February 15, 2019 at 11:52 am EDT | by Michael K. Lavers
Trump declares national emergency to fund border wall
Prototypes of the border wall that President Trump wants to build as see as seen through the fence that marks the Mexico-U.S. border in Tijuana, Mexico, on Jan. 26, 2019. Trump on Feb. 15, 2019, declared a national emergency in order to secure funding for the barrier. (Washington Blade photo by Yariel Valdés González)

President Trump on Friday declared a national emergency in order to secure funding for a wall along the U.S.-Mexico border.

He made the announcement in the White House Rose Garden before he signed a spending bill that will keep the federal government open through the end of the current fiscal year. A 35-day partial federal government over Trump’s demands that Congress appropriate more than $5 billion for a border wall ended on Jan. 25.

“We’re going to confront the national security crisis on the southern border,” said Trump, citing drugs entering the U.S. and violence in Ciudad Juárez and other Mexican cities that border the U.S. “Walls work 100 percent … Everyone knows that walls work.”

The New York Times this week reported El Paso, Texas, the city across the Rio Grande from Ciudad Juárez that Trump visited on Monday, has a violent crime rate that is lower than 20 U.S. cities with a similar population. Arizona state Rep. Daniel Hernández (D-Tucson), whose district borders Mexico, told the Washington Blade last month during an interview at the Arizona Capitol that he has “never felt unsafe going to the border.”

“It’s really easy to turn the border and turn Mexico into the boogeyman and rile up some of the more extremist elements,” said the openly gay Democrat. “When the president starts off his campaign by talking about Mexicans being murderers and rapists and drug mules, it’s not going to get better from there.”

Poverty and violence in Central America and Mexico has prompted tens of thousands of migrants to leave their homes over the last couple of years. Many of them, including those who are LGBTI, hope to seek asylum in the U.S.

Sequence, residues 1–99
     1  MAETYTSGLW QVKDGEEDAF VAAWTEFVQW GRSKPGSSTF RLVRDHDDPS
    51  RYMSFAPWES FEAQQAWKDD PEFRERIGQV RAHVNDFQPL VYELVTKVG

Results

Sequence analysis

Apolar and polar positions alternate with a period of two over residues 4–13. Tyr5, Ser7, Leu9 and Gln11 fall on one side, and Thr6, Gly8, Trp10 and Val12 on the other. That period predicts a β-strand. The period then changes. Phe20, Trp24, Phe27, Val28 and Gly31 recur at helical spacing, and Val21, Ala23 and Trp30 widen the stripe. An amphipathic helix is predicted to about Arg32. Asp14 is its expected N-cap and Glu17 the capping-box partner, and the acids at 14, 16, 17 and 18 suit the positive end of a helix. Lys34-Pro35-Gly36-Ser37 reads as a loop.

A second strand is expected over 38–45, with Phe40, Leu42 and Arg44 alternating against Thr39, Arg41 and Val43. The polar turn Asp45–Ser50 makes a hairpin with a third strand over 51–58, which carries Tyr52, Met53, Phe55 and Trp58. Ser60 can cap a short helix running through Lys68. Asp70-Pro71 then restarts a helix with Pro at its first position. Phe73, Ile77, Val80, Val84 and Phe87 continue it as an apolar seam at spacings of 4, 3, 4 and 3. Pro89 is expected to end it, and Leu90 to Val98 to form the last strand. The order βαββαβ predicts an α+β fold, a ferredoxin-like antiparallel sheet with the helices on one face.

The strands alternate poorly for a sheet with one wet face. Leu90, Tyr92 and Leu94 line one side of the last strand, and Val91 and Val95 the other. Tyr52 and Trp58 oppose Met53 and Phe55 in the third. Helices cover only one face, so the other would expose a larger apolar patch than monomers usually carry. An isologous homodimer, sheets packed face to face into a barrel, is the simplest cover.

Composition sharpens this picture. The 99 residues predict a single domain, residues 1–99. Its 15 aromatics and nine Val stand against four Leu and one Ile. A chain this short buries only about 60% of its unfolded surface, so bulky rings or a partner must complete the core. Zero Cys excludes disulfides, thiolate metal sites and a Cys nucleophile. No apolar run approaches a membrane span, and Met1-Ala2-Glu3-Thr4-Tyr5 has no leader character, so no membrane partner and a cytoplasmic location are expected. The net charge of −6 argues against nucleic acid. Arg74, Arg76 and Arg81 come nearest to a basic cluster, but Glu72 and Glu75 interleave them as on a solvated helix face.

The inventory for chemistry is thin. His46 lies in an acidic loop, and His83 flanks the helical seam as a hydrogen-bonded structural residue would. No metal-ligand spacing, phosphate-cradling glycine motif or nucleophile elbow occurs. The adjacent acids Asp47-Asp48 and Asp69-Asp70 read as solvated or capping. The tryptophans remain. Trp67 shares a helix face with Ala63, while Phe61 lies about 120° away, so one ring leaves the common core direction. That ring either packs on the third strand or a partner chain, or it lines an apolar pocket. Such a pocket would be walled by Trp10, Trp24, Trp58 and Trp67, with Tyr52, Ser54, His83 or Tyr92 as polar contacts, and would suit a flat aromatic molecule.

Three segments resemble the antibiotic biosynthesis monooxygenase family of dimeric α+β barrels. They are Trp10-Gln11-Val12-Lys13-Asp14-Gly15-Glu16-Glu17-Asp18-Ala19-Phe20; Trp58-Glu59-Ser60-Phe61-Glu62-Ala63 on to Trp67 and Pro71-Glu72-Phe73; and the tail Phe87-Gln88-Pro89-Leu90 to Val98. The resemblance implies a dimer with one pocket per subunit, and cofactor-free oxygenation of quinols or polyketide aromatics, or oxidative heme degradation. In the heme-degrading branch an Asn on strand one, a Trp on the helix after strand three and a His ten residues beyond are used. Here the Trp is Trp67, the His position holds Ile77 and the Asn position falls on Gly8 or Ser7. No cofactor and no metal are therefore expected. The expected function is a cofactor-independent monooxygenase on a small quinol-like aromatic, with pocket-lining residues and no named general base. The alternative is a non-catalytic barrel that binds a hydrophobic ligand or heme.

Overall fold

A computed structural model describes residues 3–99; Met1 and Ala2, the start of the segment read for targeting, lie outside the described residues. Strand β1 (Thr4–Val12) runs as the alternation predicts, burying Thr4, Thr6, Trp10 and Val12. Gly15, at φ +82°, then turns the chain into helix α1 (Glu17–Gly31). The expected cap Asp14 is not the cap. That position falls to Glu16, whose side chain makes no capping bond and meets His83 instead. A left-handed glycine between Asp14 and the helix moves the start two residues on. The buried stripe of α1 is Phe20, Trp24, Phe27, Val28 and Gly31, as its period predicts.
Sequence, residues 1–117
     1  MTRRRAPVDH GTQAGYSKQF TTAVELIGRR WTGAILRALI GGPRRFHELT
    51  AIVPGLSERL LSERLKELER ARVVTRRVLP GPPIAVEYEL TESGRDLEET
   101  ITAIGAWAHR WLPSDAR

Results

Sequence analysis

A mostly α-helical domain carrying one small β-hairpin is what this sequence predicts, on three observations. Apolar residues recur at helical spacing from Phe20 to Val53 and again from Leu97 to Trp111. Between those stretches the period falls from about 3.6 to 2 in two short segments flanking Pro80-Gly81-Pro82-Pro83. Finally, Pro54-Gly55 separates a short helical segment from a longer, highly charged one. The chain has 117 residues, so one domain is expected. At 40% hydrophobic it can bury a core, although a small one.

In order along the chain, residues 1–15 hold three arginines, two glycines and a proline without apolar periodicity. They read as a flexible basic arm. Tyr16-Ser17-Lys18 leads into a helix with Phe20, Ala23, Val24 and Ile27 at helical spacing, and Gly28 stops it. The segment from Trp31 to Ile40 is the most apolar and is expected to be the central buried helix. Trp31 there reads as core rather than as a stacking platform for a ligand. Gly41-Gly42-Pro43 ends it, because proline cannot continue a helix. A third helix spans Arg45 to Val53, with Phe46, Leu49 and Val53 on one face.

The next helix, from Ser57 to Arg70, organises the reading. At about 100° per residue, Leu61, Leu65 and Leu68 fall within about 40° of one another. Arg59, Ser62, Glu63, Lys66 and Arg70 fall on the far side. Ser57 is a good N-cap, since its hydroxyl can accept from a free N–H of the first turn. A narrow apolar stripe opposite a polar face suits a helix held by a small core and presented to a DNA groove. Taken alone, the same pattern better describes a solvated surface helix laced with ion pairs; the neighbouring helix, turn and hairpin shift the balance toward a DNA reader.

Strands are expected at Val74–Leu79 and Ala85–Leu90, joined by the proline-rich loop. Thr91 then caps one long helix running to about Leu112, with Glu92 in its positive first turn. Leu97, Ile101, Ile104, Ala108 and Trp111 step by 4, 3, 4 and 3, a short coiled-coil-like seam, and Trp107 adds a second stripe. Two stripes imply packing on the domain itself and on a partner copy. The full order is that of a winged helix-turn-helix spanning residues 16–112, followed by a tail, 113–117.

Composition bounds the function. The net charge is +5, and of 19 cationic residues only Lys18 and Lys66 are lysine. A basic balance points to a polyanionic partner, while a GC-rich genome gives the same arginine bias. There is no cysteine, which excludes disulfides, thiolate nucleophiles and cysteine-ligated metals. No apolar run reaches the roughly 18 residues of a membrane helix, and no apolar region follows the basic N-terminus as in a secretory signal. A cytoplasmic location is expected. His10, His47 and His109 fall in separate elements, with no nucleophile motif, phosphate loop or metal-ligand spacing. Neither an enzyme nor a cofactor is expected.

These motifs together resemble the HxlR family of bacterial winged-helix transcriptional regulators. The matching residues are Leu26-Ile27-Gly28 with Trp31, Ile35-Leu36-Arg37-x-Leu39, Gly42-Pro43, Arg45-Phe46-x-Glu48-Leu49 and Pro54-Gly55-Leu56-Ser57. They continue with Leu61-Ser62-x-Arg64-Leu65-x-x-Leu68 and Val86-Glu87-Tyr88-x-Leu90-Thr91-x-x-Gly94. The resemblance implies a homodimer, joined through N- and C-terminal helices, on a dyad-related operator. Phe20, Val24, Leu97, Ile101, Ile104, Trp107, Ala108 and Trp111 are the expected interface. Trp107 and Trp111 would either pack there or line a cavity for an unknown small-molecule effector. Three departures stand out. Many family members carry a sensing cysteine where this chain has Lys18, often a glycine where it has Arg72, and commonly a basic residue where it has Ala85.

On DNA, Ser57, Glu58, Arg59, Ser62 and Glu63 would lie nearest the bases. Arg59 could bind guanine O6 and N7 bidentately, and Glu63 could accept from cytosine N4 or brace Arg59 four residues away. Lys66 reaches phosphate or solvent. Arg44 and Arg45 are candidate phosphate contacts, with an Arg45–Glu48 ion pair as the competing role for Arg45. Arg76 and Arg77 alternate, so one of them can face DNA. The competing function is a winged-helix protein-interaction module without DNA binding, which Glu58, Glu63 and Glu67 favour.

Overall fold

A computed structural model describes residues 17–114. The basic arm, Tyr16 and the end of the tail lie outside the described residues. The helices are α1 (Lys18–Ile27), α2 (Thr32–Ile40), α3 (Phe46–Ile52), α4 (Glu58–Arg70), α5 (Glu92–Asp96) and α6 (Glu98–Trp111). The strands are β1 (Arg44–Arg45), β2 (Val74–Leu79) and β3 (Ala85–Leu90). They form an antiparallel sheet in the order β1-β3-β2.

Roxsana Hernández, a transgender woman from Honduras who was living with HIV, died in a New Mexico hospital on May 25, 2018, while she was in U.S. Immigration and Customs Enforcement custody. Casa Ruby, a D.C.-based advocacy group, this week confirmed it is providing assistance to eight of the 45 trans women who ICE detained and was holding at a privately-run detention center in Texas.  

Immigrant rights advocates and their supporters continue to sharply criticize the Trump administration’s overall immigration policy, which includes the separation of migrant children from their parents after they entered the U.S. and a pilot program that forces some migrants who ask for asylum at the San Ysidro Port of Entry south of San Diego to remain in Mexico as they await the outcome of their cases.

A young girl uses water from a baby bottle to draw hearts in the patio of Cobina Posada del Migrante, a lesbian-run migrant shelter in Mexicali, Mexico, on Jan. 27, 2019. The shelter is located a few blocks south of the Calexico Port of Entry between Mexico and California’s Imperial Valley. (Washington Blade photo by Michael K. Lavers)

Puerto Rico Gov. Ricardo Rosselló on Thursday in a tweet said his administration will “see you in court” if the White House diverts disaster relief funds, such as those that are earmarked to help the U.S. commonwealth recover from Hurricane Maria, to pay for the wall.

Other legal challenges are expected to be filed against the Trump administration over the declaration.

“The only national emergency happening at our southern border is the violation of human rights by our own government, against people who are simply seeking asylum, refuge and opportunity, many of whom are LGBTQ,” said GLBTQ Legal Advocates and Defenders Executive Director Janson Wu in a statement.

“This border wall has never been anything but a cynical, dangerous ploy on the part of President Trump to stir up racist, anti-immigrant feelings in order to score political points,” added Wu. “That he is willing now to take this extreme, constitutionally-dubious step, to take taxpayer money without Congressional authorization or to divert our military’s resources toward a made-up problem should be cause for grave concern to all of us.”

Human Rights Campaign Government Affairs Director David Stacy echoed Wu.

“There is no national security crisis at the border,” said Stacy in a statement. “To declare one based on the reality on the ground is an abuse of power that undercuts the rule of law.”

Vehicles wait to enter the U.S. at the Nogales Port of Entry on Jan. 23, 2019 (Washington Blade photo by Michael K. Lavers)

Michael K. Lavers is the international news editor of the Washington Blade. Follow Michael

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